The compromise National Defense Authorization Act will not “restrict” the National Nuclear Security Administration’s (NNSA) ability to begin building a two-state plutonium-pit production complex in 2020, a key lawmaker said this weekend.

“The bill that came out of the house for the NDAA [National Defense Authorization Act] attempted to restrict the modernization and the pit production,” Rep. Mike Turner (R-Ohio), the chair of the House Armed Services strategic forces subcommittee, said during a panel discussion Saturday at the annual Reagan National Defense Forum in California. “The bill that’s going to come out that we’re all going to vote on will not have that restriction. But that debate occurs.”

The House’s original draft of the 2020 NDAA, approved by the chamber in July, would have $470 million for the National Nuclear Security NNSA Plutonium Sustainment account: about 35% less than what the White House requested. The Senate’s draft of the NDAA, approved in June, authorizes the requested funding for plutonium pits.

The bicameral House-Senate negotiating committee had not released the text of the 2020 NDAA, or the bill’s detailed report, at deadline Monday for Defense Daily.

Likewise, the office of Rep. Adam Smith (D-Wash.), chair of the House Armed Services Committee, did not immediately reply to a request for comment, so it was not clear at deadline whether the compromise NDAA would authorize every piece of the NNSA’s pit plan.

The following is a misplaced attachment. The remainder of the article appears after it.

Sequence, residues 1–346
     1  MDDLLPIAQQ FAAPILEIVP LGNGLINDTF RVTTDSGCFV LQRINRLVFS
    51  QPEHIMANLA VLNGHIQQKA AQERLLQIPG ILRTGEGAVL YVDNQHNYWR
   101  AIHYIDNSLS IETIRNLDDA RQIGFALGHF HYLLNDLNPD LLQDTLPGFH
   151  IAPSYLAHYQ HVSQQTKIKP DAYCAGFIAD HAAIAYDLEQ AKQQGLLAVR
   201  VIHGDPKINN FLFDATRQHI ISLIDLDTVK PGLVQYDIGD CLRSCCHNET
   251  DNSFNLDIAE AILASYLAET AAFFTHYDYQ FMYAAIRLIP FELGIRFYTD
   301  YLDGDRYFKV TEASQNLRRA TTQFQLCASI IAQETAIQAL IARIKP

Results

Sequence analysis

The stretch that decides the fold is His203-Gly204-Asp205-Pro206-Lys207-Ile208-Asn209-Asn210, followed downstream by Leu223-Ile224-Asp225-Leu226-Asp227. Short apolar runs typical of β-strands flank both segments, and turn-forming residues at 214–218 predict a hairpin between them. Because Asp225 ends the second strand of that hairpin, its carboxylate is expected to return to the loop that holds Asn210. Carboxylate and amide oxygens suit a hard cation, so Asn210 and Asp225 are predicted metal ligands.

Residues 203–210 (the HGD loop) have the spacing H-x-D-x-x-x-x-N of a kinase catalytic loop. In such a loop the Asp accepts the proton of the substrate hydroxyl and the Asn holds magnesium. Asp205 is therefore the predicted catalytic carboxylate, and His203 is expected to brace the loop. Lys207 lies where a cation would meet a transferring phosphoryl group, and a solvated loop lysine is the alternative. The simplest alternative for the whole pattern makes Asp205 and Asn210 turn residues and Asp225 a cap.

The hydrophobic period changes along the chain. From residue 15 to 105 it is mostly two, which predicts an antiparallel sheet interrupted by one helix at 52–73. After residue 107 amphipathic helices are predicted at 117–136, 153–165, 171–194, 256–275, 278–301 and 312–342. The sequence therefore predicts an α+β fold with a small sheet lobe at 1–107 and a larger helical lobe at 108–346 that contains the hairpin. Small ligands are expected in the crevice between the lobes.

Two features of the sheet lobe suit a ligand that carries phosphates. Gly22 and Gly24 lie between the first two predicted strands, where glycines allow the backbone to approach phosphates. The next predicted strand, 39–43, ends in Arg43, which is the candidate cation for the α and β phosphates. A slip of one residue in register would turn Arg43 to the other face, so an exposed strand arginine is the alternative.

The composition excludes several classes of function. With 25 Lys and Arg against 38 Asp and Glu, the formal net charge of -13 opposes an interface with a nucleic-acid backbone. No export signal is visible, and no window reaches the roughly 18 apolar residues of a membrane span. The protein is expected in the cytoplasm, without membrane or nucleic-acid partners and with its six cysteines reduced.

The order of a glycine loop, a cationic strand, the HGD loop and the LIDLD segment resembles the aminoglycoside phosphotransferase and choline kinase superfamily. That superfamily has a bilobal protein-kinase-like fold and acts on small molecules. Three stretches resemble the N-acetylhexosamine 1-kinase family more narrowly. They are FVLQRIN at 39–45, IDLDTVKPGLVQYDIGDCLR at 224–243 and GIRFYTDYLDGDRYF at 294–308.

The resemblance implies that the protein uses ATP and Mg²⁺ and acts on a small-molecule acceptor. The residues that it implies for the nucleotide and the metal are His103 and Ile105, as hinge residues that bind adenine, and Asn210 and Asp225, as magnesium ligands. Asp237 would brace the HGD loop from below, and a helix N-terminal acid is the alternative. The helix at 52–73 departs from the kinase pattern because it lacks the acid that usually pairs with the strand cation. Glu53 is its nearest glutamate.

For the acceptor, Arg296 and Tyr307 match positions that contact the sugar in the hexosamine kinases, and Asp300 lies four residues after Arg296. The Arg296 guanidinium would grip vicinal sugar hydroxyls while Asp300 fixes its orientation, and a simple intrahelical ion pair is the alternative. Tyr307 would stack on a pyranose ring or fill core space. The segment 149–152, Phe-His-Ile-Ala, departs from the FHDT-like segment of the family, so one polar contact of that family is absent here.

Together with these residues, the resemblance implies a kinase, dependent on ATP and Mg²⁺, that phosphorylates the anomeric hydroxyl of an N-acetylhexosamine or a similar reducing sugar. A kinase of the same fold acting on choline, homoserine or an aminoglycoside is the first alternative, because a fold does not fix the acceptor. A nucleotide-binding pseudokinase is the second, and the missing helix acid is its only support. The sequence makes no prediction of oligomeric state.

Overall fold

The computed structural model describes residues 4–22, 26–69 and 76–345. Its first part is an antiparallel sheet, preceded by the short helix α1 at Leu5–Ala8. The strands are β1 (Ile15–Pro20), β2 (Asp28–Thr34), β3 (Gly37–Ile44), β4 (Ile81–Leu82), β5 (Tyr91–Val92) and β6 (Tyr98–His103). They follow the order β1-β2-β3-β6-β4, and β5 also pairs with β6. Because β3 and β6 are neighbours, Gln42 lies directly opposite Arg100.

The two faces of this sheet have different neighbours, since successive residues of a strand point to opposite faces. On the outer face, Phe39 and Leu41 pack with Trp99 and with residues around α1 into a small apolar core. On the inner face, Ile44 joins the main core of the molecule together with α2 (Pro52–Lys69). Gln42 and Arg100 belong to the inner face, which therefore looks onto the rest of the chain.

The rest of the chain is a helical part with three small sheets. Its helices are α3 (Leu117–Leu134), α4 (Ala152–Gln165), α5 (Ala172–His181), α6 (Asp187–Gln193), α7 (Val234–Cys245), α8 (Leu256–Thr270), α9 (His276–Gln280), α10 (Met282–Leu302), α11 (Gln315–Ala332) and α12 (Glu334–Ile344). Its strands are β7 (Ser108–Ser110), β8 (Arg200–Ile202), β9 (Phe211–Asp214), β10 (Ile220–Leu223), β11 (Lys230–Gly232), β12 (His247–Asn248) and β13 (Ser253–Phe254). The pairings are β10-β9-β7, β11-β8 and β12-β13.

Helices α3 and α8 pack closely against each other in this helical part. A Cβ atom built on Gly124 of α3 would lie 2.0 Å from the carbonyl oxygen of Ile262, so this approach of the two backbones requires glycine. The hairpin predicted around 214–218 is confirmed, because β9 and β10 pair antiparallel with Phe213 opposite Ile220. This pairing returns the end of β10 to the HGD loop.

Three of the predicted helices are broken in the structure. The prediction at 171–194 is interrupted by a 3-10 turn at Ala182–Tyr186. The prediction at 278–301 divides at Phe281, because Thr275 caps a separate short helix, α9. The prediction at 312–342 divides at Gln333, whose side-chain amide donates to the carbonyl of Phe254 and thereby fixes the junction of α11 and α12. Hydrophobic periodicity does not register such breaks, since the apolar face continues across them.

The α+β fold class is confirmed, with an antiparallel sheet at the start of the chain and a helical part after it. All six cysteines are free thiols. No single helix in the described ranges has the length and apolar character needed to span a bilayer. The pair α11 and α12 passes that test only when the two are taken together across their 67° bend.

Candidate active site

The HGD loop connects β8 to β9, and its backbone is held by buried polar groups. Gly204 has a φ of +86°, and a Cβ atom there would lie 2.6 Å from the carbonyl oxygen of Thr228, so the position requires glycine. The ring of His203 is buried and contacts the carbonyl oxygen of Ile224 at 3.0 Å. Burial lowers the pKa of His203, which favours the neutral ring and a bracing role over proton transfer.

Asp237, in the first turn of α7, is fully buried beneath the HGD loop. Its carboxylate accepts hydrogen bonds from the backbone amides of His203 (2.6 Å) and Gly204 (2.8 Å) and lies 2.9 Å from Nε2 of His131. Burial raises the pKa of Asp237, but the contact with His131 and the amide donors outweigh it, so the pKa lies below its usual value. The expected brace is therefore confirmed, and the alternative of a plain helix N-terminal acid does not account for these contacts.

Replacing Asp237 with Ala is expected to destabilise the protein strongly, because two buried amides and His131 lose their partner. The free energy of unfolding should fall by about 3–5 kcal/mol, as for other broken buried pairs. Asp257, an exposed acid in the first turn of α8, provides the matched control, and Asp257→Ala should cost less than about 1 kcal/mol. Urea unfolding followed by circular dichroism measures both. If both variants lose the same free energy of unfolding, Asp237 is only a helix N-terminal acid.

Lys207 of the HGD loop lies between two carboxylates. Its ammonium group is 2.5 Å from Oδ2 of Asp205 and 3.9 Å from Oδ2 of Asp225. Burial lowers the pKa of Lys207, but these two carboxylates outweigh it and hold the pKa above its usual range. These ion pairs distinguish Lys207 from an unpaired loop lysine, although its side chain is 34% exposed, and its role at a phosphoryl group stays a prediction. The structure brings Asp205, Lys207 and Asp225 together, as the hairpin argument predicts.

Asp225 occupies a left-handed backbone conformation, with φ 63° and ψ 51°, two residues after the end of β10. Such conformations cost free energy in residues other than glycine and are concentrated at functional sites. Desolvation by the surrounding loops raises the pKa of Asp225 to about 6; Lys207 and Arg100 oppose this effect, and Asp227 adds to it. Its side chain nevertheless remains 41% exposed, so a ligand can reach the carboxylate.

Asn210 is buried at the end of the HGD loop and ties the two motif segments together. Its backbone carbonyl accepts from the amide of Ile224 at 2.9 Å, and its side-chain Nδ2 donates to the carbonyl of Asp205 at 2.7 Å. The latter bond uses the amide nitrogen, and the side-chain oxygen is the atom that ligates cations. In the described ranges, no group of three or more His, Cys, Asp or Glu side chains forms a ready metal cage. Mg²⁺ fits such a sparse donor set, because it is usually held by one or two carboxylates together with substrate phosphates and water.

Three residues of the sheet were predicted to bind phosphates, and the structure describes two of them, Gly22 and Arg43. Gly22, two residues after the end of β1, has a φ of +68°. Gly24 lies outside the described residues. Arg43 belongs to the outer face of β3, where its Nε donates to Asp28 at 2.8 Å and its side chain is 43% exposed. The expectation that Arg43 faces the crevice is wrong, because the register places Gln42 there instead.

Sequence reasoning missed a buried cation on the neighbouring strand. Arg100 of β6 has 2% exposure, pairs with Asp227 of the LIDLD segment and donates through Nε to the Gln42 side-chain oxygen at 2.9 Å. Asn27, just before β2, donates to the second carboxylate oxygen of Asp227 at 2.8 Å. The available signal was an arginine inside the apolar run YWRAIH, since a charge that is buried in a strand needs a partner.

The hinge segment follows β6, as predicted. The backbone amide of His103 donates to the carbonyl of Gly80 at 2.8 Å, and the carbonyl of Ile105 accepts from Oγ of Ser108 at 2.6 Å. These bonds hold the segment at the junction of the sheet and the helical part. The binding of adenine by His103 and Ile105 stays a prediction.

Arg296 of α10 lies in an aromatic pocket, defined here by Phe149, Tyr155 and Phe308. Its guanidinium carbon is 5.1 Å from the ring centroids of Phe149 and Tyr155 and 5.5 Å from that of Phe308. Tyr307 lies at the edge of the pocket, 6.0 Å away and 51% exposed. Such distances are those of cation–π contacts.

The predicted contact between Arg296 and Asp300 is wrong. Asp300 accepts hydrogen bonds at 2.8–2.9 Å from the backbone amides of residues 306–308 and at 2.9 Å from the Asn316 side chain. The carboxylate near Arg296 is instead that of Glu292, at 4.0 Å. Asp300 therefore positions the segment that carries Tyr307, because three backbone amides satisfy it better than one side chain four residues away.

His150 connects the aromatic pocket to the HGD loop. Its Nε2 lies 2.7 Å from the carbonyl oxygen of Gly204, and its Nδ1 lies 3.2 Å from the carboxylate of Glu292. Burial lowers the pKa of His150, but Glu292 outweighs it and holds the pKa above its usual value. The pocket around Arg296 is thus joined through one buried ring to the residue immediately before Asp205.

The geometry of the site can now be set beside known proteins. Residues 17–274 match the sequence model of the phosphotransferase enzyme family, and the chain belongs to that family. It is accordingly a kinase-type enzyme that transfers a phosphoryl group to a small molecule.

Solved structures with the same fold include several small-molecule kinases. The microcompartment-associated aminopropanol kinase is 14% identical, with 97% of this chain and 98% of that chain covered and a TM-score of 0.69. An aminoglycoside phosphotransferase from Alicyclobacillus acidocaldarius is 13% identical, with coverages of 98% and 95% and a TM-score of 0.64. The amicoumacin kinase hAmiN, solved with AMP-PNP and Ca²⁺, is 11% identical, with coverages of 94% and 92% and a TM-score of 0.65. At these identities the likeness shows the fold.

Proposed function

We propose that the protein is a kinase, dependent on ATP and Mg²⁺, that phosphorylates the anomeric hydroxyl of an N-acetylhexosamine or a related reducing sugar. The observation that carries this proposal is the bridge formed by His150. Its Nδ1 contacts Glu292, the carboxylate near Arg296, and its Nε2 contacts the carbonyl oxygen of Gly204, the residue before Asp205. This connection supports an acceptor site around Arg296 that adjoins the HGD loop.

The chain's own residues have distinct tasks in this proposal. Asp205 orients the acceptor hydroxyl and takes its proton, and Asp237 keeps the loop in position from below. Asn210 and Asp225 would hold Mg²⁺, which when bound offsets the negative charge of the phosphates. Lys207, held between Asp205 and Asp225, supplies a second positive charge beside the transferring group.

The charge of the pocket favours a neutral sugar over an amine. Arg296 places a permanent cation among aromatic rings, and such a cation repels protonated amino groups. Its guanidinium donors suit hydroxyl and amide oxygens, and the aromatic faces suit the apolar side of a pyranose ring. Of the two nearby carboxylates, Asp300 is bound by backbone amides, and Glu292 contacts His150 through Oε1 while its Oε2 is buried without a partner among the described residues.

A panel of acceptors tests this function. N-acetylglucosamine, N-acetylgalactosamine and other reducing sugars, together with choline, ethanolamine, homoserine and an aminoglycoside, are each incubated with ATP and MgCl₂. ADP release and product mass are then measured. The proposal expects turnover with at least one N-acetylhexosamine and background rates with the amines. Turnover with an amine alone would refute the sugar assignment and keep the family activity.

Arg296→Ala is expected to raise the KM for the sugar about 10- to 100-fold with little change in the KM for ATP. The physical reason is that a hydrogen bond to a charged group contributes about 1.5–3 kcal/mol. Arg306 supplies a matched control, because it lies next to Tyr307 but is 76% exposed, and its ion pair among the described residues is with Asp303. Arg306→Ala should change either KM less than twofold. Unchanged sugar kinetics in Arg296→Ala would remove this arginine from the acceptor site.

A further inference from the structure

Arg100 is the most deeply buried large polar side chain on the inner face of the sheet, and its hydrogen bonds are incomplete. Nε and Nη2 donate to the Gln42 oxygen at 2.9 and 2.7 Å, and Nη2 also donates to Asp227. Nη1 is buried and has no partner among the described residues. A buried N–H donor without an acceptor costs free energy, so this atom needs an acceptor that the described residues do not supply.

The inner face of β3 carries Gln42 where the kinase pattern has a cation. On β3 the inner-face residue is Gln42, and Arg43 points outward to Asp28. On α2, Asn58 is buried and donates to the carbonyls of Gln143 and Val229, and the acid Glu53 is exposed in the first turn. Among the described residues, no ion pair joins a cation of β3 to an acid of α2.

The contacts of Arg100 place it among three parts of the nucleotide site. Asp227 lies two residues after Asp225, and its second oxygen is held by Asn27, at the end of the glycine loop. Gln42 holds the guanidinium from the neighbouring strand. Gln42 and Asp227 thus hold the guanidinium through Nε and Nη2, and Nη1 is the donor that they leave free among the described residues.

Most notably, the semi-autonomous Department of Energy nuclear weapons agency sought authorization to convert an abandoned, partially built plutonium recycling plant into a factory to annually produce 30 pits — fissile warhead cores — by 2030. The agency refers to the proposed plant as the Savannah River Plutonium Processing Facility.

NNSA wants to build up its pit complex to produce cores for W87-1-style warheads, which are slated to tip planned Ground Based Strategic Deterrent missiles beginning in 2020. The Ground Based Strategic Deterrent missiles are the planned replacement for the 400-missile Minuteman III intercontinental ballistic missile fleet — the land-based leg of the U.S. nuclear forces known as the triad, which also includes ballistic missile submarines, and bombers capable of carrying gravity bombs and cruise missiles. 

The NNSA plans to produce 80 W87-1-style pits a year by 2030, including 50 annually at Savannah River in Aiken, S.C., and 30 annually at the Los Alamos National Laboratory in New Mexico. Los Alamos will start producing 10 pits a year in 2024, ramping to 30 a year by 2030.